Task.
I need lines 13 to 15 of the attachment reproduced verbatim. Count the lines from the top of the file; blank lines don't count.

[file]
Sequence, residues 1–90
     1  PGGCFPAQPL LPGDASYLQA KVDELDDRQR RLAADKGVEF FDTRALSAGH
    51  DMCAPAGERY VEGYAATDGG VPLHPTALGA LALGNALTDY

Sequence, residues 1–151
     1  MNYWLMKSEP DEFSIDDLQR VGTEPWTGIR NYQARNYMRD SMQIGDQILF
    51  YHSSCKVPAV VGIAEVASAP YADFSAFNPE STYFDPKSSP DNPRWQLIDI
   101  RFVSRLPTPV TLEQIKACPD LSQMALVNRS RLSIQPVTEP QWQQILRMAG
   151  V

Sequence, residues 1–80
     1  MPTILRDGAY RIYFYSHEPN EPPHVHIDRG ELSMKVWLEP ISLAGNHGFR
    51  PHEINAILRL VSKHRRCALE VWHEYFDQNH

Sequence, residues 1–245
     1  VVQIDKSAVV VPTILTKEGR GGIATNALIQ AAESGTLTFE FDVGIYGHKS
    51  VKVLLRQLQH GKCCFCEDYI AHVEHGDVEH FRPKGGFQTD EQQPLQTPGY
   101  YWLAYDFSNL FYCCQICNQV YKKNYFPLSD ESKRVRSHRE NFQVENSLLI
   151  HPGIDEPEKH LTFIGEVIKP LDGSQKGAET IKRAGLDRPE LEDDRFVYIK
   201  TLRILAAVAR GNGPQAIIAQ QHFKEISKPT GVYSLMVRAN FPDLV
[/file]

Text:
     1  VVQIDKSAVV VPTILTKEGR GGIATNALIQ AAESGTLTFE FDVGIYGHKS
    51  VKVLLRQLQH GKCCFCEDYI AHVEHGDVEH FRPKGGFQTD EQQPLQTPGY
   101  YWLAYDFSNL FYCCQICNQV YKKNYFPLSD ESKRVRSHRE NFQVENSLLI